Tom Wilson
March 1, 2013
Cooling intake air temperatures pays off. Using a stock engine tune simply adding water/methanol from a Snow Performance kit chilled the Laguna Seca’s inlet air 23 degrees, thus adding 1 degree of ignition timing and 8 hp. Dyno-testing was performed on Rocky Mountain Competition Research’s Dynojet in Colorado Springs, Colorado.

Water injection has been around forever, but after going in and out of fashion for decades, it's gaining a firm foothold in the performance-car world. A big reason is Matt Snow at Snow Performance is dedicated to educating the world that water is less expensive than race gas, and almost as easy to install. His line of computer-controlled water/methanol injection kits has proven popular with supercharger fans where boosted induction air temps are hot enough to bake a turkey, and now he's showing naturally aspirated powerplants benefit from water as well.

So what is the big deal with water injection? It sure doesn't sound like a good way to build a big fire in the combustion chamber, after all. Well, in a nutshell, that's the point. With high compression, boost, or low-octane gasoline (and by that we mean any modern pump gasoline) it's easy for cylinder temperatures and pressures to spike over safe levels. The classic hot-rodding ways of avoiding momentarily excessive cylinder pressures are to raise the fuel's octane, lower the compression ratio, lower blower boost, or retard ignition timing. Obviously all of these reduce efficiency and cost power, but can be necessary to avoid engine damage.

But spray a little water into the intake stream at the right time and peak combustion pressures are lowered as well. The water changes state into a vapor, absorbing heat in the processes. Voila, it's as if your pump gasoline was suddenly C16 race juice. What little space the water takes up in the air-fuel mixture is more than compensated for by the ability to retain advanced ignition timing, boost or what have you. And just a little water does the cooling trick, without quenching the main combustion by any meaningful degree.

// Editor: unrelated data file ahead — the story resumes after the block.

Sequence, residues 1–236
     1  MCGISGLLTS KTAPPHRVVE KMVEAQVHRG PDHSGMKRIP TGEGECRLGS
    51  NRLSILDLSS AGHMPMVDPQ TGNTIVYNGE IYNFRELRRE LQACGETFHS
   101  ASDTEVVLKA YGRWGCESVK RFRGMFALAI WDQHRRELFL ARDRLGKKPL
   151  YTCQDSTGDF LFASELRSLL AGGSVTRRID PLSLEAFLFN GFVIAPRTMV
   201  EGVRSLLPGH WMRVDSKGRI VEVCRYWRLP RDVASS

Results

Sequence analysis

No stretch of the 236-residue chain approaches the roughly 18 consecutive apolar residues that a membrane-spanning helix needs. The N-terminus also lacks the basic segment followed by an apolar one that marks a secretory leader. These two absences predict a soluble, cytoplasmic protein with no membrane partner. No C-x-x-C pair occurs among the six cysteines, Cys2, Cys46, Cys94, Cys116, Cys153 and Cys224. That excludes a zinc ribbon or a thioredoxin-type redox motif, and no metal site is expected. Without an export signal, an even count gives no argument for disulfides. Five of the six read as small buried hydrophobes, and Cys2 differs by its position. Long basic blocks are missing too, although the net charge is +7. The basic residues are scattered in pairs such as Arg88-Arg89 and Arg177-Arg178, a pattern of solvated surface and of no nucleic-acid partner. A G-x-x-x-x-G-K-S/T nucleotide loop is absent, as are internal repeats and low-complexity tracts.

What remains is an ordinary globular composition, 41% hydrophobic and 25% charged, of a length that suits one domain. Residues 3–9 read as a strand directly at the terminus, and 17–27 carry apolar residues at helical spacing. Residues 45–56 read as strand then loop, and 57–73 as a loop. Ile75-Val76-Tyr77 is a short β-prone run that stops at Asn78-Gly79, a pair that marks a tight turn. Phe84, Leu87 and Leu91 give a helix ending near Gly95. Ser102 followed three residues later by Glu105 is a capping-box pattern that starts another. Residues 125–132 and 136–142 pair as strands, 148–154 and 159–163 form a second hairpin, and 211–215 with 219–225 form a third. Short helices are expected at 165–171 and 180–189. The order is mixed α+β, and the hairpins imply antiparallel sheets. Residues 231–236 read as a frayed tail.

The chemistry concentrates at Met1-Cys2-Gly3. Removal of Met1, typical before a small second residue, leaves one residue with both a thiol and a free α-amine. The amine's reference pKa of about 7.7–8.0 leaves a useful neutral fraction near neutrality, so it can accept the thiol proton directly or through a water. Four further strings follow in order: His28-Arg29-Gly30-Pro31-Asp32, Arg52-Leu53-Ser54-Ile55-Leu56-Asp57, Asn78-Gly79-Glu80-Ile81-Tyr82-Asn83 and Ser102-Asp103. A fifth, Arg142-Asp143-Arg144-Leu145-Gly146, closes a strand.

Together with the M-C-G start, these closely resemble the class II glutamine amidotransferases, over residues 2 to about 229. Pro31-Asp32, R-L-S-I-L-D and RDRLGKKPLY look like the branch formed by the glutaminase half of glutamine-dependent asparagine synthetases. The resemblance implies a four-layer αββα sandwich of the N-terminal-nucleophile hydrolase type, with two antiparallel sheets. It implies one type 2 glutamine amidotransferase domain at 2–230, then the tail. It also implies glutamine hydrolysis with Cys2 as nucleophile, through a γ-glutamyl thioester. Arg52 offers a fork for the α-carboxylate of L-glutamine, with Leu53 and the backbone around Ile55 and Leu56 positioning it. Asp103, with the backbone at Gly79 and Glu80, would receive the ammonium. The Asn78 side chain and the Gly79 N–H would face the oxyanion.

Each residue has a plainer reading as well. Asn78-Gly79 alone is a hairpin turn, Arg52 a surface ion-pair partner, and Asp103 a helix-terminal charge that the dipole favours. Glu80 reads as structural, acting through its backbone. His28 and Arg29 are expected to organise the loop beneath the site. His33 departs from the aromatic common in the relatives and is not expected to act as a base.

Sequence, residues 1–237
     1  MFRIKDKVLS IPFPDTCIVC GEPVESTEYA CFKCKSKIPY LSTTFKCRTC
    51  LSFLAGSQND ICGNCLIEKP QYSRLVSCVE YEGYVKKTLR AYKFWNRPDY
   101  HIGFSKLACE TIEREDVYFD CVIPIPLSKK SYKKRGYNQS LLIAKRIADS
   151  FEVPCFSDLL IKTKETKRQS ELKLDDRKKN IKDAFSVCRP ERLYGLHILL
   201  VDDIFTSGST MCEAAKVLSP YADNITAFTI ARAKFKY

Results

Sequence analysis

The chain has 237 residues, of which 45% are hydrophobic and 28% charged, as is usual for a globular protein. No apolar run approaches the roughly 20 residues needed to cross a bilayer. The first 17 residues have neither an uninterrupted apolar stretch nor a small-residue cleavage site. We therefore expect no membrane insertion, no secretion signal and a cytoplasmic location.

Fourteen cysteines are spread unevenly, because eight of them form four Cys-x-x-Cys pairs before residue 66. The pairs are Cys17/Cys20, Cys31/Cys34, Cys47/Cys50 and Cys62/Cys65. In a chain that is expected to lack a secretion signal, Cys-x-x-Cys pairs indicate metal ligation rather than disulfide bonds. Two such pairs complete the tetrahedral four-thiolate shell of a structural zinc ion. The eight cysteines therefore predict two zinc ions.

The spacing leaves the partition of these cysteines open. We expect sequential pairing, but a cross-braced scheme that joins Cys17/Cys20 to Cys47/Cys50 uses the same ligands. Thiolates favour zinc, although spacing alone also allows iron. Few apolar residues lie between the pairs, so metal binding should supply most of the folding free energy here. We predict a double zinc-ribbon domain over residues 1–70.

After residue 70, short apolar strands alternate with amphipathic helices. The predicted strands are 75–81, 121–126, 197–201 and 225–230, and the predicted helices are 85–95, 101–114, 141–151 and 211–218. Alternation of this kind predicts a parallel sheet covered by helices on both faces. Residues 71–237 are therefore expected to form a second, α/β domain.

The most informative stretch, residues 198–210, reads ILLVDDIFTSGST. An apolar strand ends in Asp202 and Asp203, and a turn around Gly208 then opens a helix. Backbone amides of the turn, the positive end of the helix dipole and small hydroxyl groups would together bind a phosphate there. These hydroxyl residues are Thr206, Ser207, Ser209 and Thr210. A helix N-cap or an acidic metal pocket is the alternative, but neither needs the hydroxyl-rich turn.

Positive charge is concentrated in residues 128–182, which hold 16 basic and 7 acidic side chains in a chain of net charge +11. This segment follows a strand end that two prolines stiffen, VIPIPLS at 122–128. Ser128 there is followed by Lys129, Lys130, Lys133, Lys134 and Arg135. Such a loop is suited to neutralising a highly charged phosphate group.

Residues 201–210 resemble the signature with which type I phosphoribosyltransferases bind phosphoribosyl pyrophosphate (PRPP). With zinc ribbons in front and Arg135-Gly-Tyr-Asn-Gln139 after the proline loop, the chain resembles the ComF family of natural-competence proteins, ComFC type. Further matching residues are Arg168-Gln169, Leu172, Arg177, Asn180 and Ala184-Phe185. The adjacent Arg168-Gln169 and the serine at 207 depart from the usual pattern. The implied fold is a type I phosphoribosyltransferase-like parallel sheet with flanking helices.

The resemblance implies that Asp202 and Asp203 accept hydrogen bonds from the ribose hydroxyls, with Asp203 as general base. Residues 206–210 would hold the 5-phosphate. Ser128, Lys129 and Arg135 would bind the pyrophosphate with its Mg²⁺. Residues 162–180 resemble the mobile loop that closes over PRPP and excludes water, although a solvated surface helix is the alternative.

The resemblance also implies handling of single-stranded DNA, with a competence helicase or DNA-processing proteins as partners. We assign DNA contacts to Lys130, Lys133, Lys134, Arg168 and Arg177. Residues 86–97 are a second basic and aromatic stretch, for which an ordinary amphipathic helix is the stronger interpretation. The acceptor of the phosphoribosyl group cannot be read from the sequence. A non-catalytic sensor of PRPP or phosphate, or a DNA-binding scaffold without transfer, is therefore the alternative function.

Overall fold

Even better than plain water is a 50/50 mixture of water and methanol. In car circles this is often referred to as simply water or water/meth, while over at the airport it's called anti-detonation injection. The flyboys were the first to put methanol in the water to reduce freezing at altitude, but everyone has found methanol has an evaporative cooling property, and unlike water, is also a high-octane fuel so it actually gives a little urge to the mixture. The fuel component of methanol is not a primary factor when running small amounts of water, but as the boost and power go up, it can help retain some power.

Obviously, the hotter the intake charge, the more effective the water/methanol injection, which is why it's a natural for blower motors. The water is sprayed into the mixture downstream of the blower where intake temps are highest, giving the maximum evaporative effect. But as Snow Performance's testing shows, water/meth is useful on naturally aspirated engines as well. This is of practical use on endurance applications where the engine runs at WOT for extended periods-in other words, at open-track or road race events where the fun typically lasts 20 to 30 minutes at a time.

In such applications, water injection is used not so much to boost power, but to retain power by not heat-soaking the engine, causing the engine management to retard the ignition timing either because the software says to at elevated coolant temperatures or because the knock sensors are hearing things. If you've tracked your Mustang and sensed it was getting lazy as the session went on, then you know what we're talking about.

To put some numbers to it, Snow Performance ran a series of chassis-dyno tests, plus some instrumented road miles, to document what their water/methanol kits can do on a naturally aspirated 2012 Boss 302 Laguna Seca. And just to maintain everybody's attention, they also included a 50-horse shot of nitrous in their test program as well.